Somehow I managed to keep my grades up. When I started my junior of high school, I also took classes at the local college. After one semester at college, I went down to only one class in high school. It meant I got to leave after first hour, and didn’t have to come back. I started meeting people who were more open-minded. I started taking classes in the Women’s Studies department and learning about homophobia and how vicious it really is. I met someone again, a woman I had always had a crush on but never dared to approach. We dated. It was bliss. I became active in the gay-straight alliance at the University.
And then one day I mentioned a (GSA) meeting. It was going to keep me from doing something with my family. I didn’t tell my mother what kind of meeting it was, just that I needed to be there. She wasn’t satisfied. Things had been bad in our house for a while. It would have taken a LOT of work to prevent what happened, and no one was prepared for it.
I got kicked out. At 17. With no car, nowhere to live, and two weeks before University finals. I lost it.
I moved in with a friend, for a month. I dropped out of my one high school class because I couldn’t get to the school. I started looting a liquor cabinet, trying to drink away my sorrows (at night, after everyone else went to sleep). I moved to live with my aunt and uncle for the summer, after finals were finished. I didn’t have a plan. I was too scared to think clearly about the future. My aunt made a deal with my parents to let me move “home” to finish my last year of high school. It was vital that I graduate.
The stipulation: I had to be straight. I had to date a boy. I had to leave all that gay stuff behind.
So I caved. I dated a boy. I pretended to be happy. I acted like I really cared about him, and later loved him. I even fooled myself. He proposed, and I said yes. I was so terrified of losing my home, of having to drop out of school, of the facade shattering, that I played the game so well new friends thought I was normal. Some of my old friends stopped speaking to me, feeling it was too painful to support me in lying to myself in such a huge way.
I went to visit a friend over New Year’s. I had been engaged a year already. She asked me, “What are you doing? Why are you engaged? Are you happy?” I lost it. I couldn’t stop crying. I think I cried for a day. I realized how much I had sacrificed of my own life to be someone else’s ideal. I love my family, but I could no longer pretend to keep their lives simple.
I came out to the boy. I returned his ring. I shut myself into my room and focused on school. I was terrified of losing my mind, so I absorbed myself in books and classes and working for equality. I had to come out again to all my friends, my professors, my classmates. They continued to assume I was straight, everything was normal about me, because I had dated a boy.
I dated. I fell in love. I had some screwy notions of what a healthy relationship was, and I made some bad choices. I learned. I dated some more. I made some other choices. I learned some more. I discovered how unhealthy some of my behaviors were.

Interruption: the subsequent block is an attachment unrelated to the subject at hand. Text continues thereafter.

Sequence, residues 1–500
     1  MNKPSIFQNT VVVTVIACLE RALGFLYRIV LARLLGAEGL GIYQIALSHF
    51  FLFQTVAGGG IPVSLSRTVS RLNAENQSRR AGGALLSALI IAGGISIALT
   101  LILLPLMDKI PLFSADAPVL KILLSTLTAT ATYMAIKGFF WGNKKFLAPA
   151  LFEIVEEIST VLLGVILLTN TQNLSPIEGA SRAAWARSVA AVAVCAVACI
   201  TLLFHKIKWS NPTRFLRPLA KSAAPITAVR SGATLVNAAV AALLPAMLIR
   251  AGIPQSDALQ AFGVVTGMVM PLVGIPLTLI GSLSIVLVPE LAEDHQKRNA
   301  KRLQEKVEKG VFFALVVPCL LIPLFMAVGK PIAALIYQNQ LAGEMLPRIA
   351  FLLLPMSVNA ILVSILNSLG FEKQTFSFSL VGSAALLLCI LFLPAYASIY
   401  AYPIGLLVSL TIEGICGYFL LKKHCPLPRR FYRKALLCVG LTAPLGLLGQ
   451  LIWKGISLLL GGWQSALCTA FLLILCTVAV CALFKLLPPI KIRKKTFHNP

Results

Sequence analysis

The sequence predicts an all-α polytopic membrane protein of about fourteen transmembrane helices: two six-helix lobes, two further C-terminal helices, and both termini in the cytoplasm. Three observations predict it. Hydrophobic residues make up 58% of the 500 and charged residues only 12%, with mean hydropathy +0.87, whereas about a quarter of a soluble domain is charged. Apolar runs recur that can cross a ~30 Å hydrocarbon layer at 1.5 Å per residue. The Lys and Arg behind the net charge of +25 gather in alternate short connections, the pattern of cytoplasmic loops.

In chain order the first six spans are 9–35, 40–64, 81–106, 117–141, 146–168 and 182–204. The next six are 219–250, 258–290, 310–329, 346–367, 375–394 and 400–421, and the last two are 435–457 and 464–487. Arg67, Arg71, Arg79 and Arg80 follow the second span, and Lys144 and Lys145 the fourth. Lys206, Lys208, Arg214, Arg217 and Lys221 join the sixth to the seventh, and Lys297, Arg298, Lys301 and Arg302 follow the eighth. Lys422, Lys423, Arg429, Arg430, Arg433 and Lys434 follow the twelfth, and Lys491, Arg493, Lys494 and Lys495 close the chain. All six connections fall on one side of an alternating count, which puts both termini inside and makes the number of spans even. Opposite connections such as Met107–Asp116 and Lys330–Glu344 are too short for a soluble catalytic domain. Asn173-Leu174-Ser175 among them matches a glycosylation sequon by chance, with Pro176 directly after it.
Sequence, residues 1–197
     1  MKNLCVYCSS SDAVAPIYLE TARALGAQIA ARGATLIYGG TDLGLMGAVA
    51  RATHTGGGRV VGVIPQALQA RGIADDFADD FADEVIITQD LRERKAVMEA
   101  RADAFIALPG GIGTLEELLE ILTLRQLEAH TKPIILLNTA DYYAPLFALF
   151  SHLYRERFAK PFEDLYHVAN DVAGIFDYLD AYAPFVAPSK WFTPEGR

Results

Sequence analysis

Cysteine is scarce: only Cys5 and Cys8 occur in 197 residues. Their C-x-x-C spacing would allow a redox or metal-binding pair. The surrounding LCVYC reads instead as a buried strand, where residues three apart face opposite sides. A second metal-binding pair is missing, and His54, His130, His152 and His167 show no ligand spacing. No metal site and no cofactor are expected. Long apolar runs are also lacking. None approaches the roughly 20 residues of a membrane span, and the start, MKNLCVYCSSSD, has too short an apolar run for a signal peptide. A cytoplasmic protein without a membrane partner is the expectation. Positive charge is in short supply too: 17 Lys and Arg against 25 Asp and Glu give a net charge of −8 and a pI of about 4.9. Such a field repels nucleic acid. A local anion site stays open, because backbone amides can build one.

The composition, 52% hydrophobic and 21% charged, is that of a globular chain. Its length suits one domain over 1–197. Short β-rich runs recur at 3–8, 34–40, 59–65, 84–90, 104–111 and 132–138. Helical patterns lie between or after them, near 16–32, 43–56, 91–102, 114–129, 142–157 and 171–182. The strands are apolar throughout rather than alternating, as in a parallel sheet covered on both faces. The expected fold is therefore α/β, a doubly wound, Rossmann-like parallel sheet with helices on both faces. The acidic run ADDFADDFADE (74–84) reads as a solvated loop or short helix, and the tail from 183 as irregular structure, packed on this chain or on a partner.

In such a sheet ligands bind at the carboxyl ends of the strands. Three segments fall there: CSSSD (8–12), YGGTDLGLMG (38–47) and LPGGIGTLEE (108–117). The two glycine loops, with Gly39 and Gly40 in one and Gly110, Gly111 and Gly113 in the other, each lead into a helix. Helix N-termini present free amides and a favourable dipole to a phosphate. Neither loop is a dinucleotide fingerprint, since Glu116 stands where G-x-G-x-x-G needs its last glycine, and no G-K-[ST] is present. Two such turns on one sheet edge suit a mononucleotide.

I learned that I needed to discover some positive role models for myself. I had always considered myself to be a good role model for others, being open and available for listening and sharing wisdom. But I learned that, even at 25, it’s good to have positive, healthy role models.
So, maybe it gets better. Maybe it gets easier. Maybe it just gets different. Maybe we move out of those places of pain and into communities of loving, caring friends. Maybe we choose our own families, or our families decide to accept us. Both have to be okay. Waiting for the love of those who are related to us but can’t accept us just makes our hearts grow heavy and bitter. And who needs a heavy heart?
Please, read my story. See your own experiences in it. Laugh at the bullshit, cry at the strangeness. Follow it through to the end, to the now, to the part where I’m living an imperfect life in an imperfect world and some days just getting out of bed hurts. If your life feels too hard to live, than live mine. Look at the steps I took, and find those cobblestones on your own path. Email me. Email a stranger. Write an email and don’t send it. But don’t think that you’re too “normal” to relate to Dan Savage, Ellen DeGeneres, and all those other celebrities. There are normal gay people. There are normal lesbians. There are even normal heterosexuals. Not everyone is as flamboyant as RuPaul (love you too, girl!) or as close-minded as Glenn Beck.
Somewhere in this big, beautiful world, there is a person waiting to meet YOU. Someone who wants to see you when you wake up. Someone who wants to hold your hand on the sidewalk. Someone who can’t wait to buy you a birthday gift. If things are too painful to live through on your own right now, remember that there is someone looking for you. If you die, they’ll just keep looking.
Signed with all of my love, and all the love of the Universe,
Sara a small-town dyke living in a big city and still looking, every day, to meet you
On Monday, October 11th, I am going to come out. Again. I’m going to come out in a way I’ve never done before. It’s something I have been considering for a while, but it’s only after this recent flurry of videos and emails and facebook groups that I have to take a stand. And I want you to join me. I want you to come out, as a queer, as an ally, as a parent or a child. I want you, normal regular you, to come out. Imagine how different the world would look if, just like in Bruce Coville’s great short story, for one day all the gays (and their allies) would turn blue. Let’s make the world a little blue-r by coming out on Monday. Please spread the word. Please share this letter with the gay youth in your life. Please give them my name, tell them they email me if they just need someone to hear. I’m not fancy. I’m not famous. I’m not going to share their stories. I am just here, wanting to be the safe shoulder that I didn’t have a young lesbian in a small town just trying to find her self in this world.